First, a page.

As the aviation industry continues to recover from the Covid-19 pandemic and the Airport sees more passengers and flights once again, the Airport Company is delighted to be able to announce the latest additions to its Apprenticeship Programme by recruiting a further three apprentices.
Peel Airports Limited, owners of Liverpool John Lennon Airport, have submitted their response to the Department for Transport’s Proposal for a Sustainable Framework for UK Aviation, calling for the Government to recognise the benefits that regional airports have on their local economies and develop aviation policies that encourage sustainable growth.
The department for Transport’s scoping document was launched in March 2011. It framed the debate and asked a series of questions for response by a wide range of stakeholders on the future direction of aviation policy.
In a detailed response, Peel Airports have highlighted concerns that the proposals put forward, fail to set out a clear aviation policy that would grow the industry’s contribution to both the regional and national economies, with the intention to constrain growth by supressing demand for air travel. Such policies are in stark contrast to the Government’s stated aims of the policy, which stated "……We want to explore how to create the right conditions for regional airports to flourish."
UK aviation already pays the highest aviation tax in the world and with further increases in Air Passenger Duty (APD) planned, in addition to the EU wide Emissions Trading Scheme taxation that commences in January 2012, the proposed policy framework fails to address this issue. UK airports are now far less attractive options for airline business than many of their European competitors, whose own Governments abolished their equivalent of APD. Under these latest proposals, this lack of a ‘level playing field’ is set to continue.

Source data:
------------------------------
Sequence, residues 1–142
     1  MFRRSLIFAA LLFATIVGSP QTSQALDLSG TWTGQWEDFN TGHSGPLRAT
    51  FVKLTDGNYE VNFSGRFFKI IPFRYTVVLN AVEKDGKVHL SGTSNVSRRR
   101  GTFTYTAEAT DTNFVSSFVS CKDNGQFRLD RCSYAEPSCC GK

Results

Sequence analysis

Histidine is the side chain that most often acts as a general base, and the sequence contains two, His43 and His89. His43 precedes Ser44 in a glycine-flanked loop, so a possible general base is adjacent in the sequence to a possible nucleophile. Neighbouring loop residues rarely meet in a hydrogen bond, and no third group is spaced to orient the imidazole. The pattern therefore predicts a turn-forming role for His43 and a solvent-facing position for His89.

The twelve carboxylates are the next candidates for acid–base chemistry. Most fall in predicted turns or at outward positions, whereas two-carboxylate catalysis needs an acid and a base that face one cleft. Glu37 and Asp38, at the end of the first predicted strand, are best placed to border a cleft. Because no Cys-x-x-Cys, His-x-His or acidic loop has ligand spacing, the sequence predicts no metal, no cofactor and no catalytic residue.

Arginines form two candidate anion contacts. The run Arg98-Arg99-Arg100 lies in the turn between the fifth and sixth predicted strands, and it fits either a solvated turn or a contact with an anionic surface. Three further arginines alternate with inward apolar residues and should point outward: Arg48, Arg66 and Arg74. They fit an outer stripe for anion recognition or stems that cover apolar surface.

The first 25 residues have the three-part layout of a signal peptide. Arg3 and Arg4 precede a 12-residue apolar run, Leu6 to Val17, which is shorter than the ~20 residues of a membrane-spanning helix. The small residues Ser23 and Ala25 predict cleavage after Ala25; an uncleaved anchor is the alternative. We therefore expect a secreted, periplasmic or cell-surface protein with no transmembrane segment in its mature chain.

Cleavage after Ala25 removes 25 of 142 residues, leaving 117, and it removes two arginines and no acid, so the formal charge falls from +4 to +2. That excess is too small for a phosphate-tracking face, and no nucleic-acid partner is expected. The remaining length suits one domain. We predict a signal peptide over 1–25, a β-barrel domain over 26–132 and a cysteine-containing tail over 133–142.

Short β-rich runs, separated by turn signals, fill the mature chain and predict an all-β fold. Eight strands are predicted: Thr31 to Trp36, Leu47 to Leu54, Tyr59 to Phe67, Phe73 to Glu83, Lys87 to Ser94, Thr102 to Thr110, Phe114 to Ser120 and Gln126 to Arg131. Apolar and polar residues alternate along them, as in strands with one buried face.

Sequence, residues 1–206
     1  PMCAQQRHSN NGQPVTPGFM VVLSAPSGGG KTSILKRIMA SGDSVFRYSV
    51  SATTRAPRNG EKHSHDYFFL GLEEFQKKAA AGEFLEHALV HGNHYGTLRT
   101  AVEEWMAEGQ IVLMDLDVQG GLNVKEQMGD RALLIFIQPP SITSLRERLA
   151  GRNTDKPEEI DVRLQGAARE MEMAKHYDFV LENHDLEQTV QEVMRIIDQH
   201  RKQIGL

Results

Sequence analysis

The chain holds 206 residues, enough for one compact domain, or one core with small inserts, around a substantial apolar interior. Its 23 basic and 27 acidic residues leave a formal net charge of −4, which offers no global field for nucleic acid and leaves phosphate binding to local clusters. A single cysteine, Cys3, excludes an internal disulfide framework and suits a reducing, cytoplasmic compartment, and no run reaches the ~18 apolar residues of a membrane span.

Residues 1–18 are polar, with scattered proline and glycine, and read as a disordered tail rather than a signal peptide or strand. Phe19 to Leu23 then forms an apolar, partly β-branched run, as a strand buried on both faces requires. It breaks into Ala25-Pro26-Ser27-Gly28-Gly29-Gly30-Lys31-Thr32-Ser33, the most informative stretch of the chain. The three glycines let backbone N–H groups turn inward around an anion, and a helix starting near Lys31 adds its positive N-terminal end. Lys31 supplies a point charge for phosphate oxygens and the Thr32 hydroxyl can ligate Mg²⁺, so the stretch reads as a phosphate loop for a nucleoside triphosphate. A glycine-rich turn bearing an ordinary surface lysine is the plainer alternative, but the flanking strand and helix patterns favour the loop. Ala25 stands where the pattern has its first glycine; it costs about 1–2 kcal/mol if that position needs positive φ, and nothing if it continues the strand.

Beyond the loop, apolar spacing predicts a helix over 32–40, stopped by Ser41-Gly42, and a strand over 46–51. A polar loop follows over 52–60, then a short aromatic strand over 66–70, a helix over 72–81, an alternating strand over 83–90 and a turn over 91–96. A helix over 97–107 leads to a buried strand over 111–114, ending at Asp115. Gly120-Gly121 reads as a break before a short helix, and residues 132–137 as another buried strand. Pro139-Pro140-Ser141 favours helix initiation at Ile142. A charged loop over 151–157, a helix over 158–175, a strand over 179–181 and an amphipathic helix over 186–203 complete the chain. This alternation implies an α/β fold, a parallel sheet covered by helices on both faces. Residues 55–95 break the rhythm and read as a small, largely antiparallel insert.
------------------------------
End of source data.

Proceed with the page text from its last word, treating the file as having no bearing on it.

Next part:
Travel behaviour in the regions is price led and further increases in air fares due to higher taxation will price a large proportion of passengers out of air travel.
High Speed Rail is seen by the Government as a substitution for domestic and European short haul aviation, however, UK domestic aviation is almost non-existent. This scheme will simply bring greater economic benefits for a small number of airports and those regions to be served by High Speed Rail, at the expense of others.
Peel Airports also questions the validity of passenger forecasts used in developing the Government’s proposals which show only minimal growth over the next 20 years, having failed to recognise a variety of developments across the regions served by the Peel Airports, which will undoubtedly help to stimulate growth in air travel.
Craig Richmond, Peel Airports CEO commented, "We welcome the Government’s review on future aviation policy, however we have one chance to get this right, otherwise regional airports and the regions they serve will have their economies damaged for the long term.
"The Government have stated on numerous occasions in the past that it recognises the importance of aviation for economic growth and rebalancing of the UK economy. Sadly these latest proposals contradict the desire for aviation related growth and we are calling upon the Government to implement a long-sighted aviation policy that appreciates the benefits to regional economies that aviation connections bring and supports growth in our industry whilst maintaining the balanced approach towards minimising the environmental impact."
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